Excitement is building ahead of the Stendhal Festival of Art which returns to Ballymully Cottage Farm, Limavady, on August 8 and 9.
It promises to be the biggest and best instalment of the award winning Music and Arts Festival and Scott Hutchinson, front man of Frightened Rabbit, says the band can’t wait to get there for their headline slot.
A huge part of their excitement at headlining the festival is that The Scottish indie rockers consider Northern Irish crowds to be as fervent and passionate about their music as their fans in their native Scotland, which always makes for a fantastic live atmosphere any time they play in the province.
“We are really looking forward to Stendhal,” Scott said, “we love coming over to Northern Ireland as for me, the highest compliment I can pay our fans over there is that they are very similar to our fans in Scotland in terms of getting into a gig. Whenever we play there it feels like we are playing at home.
“We are also delighted to be given the opportunity to headline the festival. We love playing the larger festivals like Reading and Leeds but we would much rather headline smaller events such as Stendhal. At some of the bigger events you can feel like you are just on a revolving door of bands, whereas at smaller events, you really get the impression that it matters much more to the guys involved in running the show and they take more time to make you feel valued and as a band it’s great to be a part of that.
“On top of that, by the time we get on stage, everyone will be full of the festival sprit and if our previous gigs in Northern Ireland are anything to go by, that should make for an absolutely brilliant atmosphere.”
It has been a busy summer festival season for Scott as he has not only been touring with Frightened Rabbit, he has been busy over in America making a mark with his solo project ‘Owl John’ and has recently started writing new material for a fifth Frightened Rabbit album.
“I’ve really enjoyed the start of the solo stuff,” Scott said, “it’s a really enjoyable contrast with playing with the band as it means that I have been able go back to much smaller venues and really get engaged with an audience on a much more personal level.
“We do that with Frightened Rabbit but as we have progressed and the venues got bigger, sometimes as a performer you can feel that more social side of being on stage drift away a little bit but with the Owl John shows I get to be right back into the spontaneous and social side of performing.”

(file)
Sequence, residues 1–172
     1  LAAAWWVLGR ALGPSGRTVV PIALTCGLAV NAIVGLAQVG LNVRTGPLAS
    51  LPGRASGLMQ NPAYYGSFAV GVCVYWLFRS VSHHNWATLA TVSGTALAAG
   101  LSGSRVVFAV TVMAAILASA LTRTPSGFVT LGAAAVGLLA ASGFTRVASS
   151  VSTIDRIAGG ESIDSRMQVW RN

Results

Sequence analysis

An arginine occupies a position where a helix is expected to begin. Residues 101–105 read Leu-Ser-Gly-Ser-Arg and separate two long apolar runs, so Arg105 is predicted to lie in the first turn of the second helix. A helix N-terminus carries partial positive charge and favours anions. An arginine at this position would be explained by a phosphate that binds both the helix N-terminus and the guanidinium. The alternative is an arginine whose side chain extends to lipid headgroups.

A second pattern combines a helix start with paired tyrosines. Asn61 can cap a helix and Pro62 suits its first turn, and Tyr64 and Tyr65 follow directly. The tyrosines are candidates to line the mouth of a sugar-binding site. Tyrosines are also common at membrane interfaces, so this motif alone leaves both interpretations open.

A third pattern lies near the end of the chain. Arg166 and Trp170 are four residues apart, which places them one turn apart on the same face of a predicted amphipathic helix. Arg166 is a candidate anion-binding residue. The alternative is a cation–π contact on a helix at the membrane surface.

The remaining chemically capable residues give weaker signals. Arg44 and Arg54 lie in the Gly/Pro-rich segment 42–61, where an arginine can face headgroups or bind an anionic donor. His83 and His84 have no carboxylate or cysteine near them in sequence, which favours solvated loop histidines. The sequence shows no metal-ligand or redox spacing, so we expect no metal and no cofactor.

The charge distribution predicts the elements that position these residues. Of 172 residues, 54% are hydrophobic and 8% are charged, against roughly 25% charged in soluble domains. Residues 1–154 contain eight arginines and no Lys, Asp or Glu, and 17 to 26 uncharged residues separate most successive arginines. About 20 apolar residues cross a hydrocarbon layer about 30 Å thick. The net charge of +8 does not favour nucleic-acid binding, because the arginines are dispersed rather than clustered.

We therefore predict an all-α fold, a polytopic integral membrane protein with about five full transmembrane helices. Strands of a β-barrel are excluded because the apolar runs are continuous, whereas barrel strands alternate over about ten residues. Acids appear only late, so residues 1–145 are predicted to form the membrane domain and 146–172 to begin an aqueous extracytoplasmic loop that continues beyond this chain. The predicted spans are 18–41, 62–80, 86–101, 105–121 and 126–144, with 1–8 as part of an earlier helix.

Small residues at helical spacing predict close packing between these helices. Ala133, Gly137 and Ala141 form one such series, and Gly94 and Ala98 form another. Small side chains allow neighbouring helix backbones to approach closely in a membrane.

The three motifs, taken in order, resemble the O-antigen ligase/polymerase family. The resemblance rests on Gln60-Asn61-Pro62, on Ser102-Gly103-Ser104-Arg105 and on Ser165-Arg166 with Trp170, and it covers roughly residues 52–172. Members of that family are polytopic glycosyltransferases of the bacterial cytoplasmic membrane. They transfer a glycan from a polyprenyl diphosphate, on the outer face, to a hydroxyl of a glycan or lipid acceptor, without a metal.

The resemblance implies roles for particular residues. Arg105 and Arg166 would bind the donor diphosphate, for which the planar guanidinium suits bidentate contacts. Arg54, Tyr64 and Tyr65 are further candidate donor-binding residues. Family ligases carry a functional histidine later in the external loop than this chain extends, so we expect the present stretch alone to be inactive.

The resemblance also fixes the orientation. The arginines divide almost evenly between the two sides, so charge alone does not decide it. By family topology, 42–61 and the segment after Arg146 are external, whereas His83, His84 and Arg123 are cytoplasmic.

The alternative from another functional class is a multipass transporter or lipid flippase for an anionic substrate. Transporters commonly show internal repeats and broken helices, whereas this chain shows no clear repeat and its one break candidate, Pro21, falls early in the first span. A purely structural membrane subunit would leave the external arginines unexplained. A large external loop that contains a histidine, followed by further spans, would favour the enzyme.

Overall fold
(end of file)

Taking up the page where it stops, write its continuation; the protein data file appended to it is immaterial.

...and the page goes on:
As for the new Frightened Rabbit album, Scott said that it is early days in the writing process but he has a clear idea of what he wants the new record to sound like.
“We have been in Wales writing for two weeks and while we are happy enough to go with the flow in terms of the direction of the songs that will be on the album, we do want to make the record sound a bit more raw than Pedestrian Verse, a bit more like it sounds when we play live.
“It will be a case of keeping the key elements of what makes us Frightened Rabbit and what our fans have come to know from us, but we will be looking to have a more stripped back feel to the record and make it a rawer affair.”
Festivals have played a big part in the career of Frightened Rabbit and Scott says that performances at events of such ilk are a great gauge of how a bands career is coming along.
“My favourite festival appearance as a punter or as a performer was at The End of The Road Festival in Dorset.
“It was the first festival we ever played back in 2007, in the smallest tent in front of 100 people.
“We went back there in 2013 and played on the main stage just before one of my favourite bands, Belle and Sebastian, and it was a really good representation of just how far we had come as a band, that gig was an amazing experience and my favourite festival experience to date. Hopefully once all is said and done at Stendhal, there will be contender for that spot.”
As for what fans of the band can expect from their set at Stendhal, Scott confirmed that they will be covering tracks from all four of their albums and that the aim is to produce a high energy performance that will round off Stendhal in style.
“It’s a bit early for any new stuff,” he said, “so people who come along to see us will get a selection of songs that everyone will know from all four of our albums, we’ll be looking to keep the energy up throughout so that the festival finishes on a really upbeat fashion.”
Frightened Rabbit headline Stendhal Festival of Art on Saturday August 9. For more information visit www.stendhalfestival.com